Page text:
The photo is a surprise. The black-and-white print itself, part of a collection of photos my mother has begun sorting, is still in pristine condition despite its age, and it shows my maternal grandmother standing up behind the wheel of an industrial-strength tractor.
She’s smiling broadly, for all the world like Gene Autry astride his beloved horse, Champion, and waving to the camera in that World War II we-women-can-do-it-all pose so identified with the period when this picture likely was taken.
That’s about when my grandparents operated a farm in western Pennsylvania, and just before they moved to the city in Ohio where my grandmother drove a bakery truck and my grandfather repaired airplanes for the burgeoning war effort.
Though Betty Miller would not have cottoned to the term “feminist,” surely that’s what she was. Isn’t that what we mean, in the broadest sense of that word, when people make decisions for themselves, regardless of gender expectations?
Yet that word, and the whole concept of feminism, is tricky for us, even though its been in popular use for more than a generation. Toward the end of a lunch meeting just a couple years ago, after I’d made some passing remark about a national figure — I honestly cannot recall who — one 30-something business owner in attendance angrily denounced the person as “that feminist.”
And she proceeded to make it quite clear that, in her eyes, a feminist was below the social misfit who steals Bingo money from the local church.
I asked if she didn’t agree that the feminist movement of the 1960s and 1970s had helped make it easier for more women — herself included — to own businesses today. But, given her even-more-heated response, in which she painted feminists as shrill troublemakers, you’d have thought I’d accused her of being a liberal … .
“Feminist,” for her, clearly was a dirty word.
So I was mildly surprised to hear Gloria Steinem at the standing-room-only Iowa Womens Leadership Conference in Coralville two weeks ago contend that more than half of American women today (and 30 percent of men) consider themselves feminists, in some form or other.
Moreover, Steinem said in the conference’s closing keynote, “Young women are more likely to call themselves feminists than older women.”
Afterward I asked Steinem, co-founder of the National Women’s Political Caucus as well as of “New York” and “Ms.” magazines, about this notion of women making headway in business today, if such a large number of its participants — men, too, remember — view themselves as feminists.
Steinem replied that women nowadays no longer have to prove that they deserve equal pay, that all employees should be paid for their comparable worth.
But she conceded the equality argument hasn’t been completely won. In her speech, she cited the value in unity: Women, Steinem said, still “need to support each other. We need to work on where it hurts. … We need to listen to each other.”
And for good reason, it would seem: Catalyst, the not-for-profit research organization, notes that in 2012 the median weekly earnings for full-time working women was $691. For men, it was $854.
For female managers last year, it was $951, while for male managers the figure was $1,328. Fresh numbers, same tune.
So what’s an unappreciated, under-valued employee — be that person a supervisor or client-facing worker, female
or male — supposed to do?
“Think very carefully,” advised Martha Stewart, who’s founded more than a handful of companies and remade herself through a series of career changes — starting out as a stockbroker (after a stint as a model), then becoming, in succession, a gourmet cook, corporate caterer, author, magazine publisher, newspaper columnist and a TV, radio and Internet star.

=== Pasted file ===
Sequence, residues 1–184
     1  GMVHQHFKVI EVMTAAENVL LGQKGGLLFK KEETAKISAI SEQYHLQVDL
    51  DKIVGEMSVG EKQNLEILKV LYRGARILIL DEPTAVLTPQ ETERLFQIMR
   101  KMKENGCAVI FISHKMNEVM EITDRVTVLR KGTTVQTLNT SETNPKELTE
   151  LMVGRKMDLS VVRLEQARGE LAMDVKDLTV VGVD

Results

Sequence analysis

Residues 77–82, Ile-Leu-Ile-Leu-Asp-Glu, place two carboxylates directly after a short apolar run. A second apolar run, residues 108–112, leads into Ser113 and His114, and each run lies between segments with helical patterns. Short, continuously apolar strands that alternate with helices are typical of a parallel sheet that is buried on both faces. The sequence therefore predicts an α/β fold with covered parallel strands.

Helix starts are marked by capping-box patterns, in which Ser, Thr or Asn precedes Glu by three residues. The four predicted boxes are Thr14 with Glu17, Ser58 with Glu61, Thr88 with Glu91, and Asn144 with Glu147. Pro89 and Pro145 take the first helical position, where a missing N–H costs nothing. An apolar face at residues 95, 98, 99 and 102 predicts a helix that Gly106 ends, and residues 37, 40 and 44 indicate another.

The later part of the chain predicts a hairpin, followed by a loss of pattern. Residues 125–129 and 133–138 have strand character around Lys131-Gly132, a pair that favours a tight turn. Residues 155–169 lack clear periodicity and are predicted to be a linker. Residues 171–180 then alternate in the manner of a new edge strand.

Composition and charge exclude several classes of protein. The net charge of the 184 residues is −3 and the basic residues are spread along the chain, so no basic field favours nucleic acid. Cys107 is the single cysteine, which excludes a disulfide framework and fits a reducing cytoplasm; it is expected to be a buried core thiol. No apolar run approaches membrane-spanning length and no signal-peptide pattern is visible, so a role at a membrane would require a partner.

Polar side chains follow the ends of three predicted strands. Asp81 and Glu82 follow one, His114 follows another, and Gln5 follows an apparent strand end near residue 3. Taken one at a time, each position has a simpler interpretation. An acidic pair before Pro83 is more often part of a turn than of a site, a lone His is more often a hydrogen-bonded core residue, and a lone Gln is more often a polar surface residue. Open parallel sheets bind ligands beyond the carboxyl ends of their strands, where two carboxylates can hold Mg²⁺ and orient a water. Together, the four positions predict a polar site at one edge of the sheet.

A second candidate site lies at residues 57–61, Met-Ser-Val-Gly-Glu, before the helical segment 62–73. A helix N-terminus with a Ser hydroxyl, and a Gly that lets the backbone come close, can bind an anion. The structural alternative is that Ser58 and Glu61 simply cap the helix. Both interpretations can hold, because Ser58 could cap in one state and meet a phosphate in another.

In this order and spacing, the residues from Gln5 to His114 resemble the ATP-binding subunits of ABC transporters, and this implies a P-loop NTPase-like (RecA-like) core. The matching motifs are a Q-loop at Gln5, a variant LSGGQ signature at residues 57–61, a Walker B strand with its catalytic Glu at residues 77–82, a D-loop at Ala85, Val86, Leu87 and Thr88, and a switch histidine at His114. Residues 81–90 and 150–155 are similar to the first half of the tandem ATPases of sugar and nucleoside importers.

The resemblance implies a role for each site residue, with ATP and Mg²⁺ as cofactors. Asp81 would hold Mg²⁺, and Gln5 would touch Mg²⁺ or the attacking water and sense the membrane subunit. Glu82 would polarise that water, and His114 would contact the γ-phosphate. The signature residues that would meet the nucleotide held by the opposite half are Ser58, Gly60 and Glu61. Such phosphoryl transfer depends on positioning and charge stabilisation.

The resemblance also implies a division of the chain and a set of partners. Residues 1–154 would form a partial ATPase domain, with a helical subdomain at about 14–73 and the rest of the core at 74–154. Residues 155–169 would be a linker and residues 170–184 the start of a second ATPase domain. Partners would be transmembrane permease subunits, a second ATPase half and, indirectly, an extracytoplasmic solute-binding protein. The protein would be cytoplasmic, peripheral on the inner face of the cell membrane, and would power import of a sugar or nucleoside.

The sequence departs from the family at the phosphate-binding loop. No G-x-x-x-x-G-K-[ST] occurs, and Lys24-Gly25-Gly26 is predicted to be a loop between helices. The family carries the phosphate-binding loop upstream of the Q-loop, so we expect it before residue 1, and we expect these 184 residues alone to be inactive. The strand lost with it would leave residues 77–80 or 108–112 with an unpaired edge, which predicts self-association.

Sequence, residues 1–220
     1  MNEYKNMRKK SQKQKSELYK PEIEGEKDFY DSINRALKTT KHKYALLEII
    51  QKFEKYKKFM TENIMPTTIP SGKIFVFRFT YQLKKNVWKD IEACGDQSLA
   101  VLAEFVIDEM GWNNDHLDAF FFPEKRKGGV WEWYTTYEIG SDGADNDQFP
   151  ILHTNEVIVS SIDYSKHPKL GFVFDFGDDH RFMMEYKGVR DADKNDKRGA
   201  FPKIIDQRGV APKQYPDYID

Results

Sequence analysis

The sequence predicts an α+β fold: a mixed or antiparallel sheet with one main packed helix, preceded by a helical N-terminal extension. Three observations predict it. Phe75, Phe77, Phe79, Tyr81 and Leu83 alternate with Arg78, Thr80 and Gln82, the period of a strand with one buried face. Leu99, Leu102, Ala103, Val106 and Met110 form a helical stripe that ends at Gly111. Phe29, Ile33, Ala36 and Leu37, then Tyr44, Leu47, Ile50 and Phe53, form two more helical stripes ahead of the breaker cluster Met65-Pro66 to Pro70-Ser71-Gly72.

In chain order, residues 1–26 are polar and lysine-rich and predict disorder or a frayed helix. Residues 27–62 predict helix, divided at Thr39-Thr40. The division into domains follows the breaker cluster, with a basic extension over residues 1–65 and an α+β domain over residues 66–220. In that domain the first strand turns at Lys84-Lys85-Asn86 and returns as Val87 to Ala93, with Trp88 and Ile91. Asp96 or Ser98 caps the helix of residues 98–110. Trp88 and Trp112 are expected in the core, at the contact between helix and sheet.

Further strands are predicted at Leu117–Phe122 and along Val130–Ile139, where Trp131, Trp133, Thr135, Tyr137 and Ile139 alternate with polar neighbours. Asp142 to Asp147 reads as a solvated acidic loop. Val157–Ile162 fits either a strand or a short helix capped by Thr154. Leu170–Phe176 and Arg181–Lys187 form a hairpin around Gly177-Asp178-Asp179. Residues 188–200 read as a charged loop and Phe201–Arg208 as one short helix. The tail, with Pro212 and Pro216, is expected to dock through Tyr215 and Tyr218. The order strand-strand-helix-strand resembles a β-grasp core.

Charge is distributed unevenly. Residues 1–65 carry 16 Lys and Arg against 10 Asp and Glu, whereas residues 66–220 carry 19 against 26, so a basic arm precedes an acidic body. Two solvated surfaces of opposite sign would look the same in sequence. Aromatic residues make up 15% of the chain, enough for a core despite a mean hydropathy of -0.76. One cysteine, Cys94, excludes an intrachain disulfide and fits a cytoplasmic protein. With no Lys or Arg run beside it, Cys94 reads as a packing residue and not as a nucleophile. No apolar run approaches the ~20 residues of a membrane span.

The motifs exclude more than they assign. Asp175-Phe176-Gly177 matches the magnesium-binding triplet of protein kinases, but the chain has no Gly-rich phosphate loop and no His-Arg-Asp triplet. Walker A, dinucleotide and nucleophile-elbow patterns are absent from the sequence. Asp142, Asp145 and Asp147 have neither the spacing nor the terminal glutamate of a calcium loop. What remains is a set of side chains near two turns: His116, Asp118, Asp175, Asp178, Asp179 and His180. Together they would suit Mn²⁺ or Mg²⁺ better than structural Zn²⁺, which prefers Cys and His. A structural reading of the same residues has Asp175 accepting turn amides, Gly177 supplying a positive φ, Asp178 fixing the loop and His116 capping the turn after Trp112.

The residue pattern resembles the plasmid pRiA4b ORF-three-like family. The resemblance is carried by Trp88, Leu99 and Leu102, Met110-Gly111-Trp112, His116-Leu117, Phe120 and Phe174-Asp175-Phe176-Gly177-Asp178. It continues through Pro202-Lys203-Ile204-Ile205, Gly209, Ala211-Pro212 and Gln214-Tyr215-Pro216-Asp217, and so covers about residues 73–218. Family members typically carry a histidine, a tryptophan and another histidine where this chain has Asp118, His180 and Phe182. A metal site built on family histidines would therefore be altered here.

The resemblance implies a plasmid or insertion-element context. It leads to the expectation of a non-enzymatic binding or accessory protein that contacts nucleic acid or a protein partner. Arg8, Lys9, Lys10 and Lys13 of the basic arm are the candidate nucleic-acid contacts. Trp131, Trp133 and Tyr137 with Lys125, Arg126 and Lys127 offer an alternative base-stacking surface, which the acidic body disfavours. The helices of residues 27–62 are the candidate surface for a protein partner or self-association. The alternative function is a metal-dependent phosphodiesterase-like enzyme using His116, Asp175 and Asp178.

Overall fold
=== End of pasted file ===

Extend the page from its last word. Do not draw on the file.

“It’s hard to be in a job you don’t like,” she said when we spoke just before her operning-day IWLC address, “and it’s not always possible to change. But being happy in your job is very important.”
One first step might be to take a look where you are now.
“Get help from the company,” Stewart said, as many businesses are open to internal mobility. Another position might be a better fit.
But still, it ain’t easy, no matter where you stand on the corporate ladder. The same week that IWLC brought Steinem, Stewart and other business professionals together at the Coralville Marriott, a Politico website columnist sparked another debate on the role of women at the top.
In this case, Jill Abramson, New York Times executive editor since September 2011, was described in an April 23 post as condescending and stubborn, when she wasn’t too busy being “uncaring” and disengaged. Her manner of speaking, it was pointed out, was “in a slow drawl.”
“Jill is very, very unpopular,” the writer, Dylan Byers, quoted an unnamed NYT staffer.
To which we have to ask: Are we talking about the head of one of the planet’s largest, most-respected and most-awarded newsgathering organizations — in April the paper won four more Pulitzers — or about a high-school prom queen candidate? Abramson is “unpopular”? Seriously?
The staff’s preferred leader, the story implies, is a guy, Managing Editor Dean Baquet, who admits he punches his fist through walls when things don’t go his way.
Subsequent website posts quickly took Byers to task. A Huffington Post response, in an Onion-esque hat tip, carried the headline, “Anonymous sources are mad at New York Times Editor Jill Abramson for trying to be their boss and stuff!”
“The first problem for all of us, men and women, is not to learn, but to unlearn,” Steinem wrote way back in 1970, in a Washington Post guest column. That was the year, she declared, of “women’s liberation.”
It seems we still have things to learn about how to work together, regardless of age, color, religion and, yes — still — gender. Whether we all think we’re feminists or not.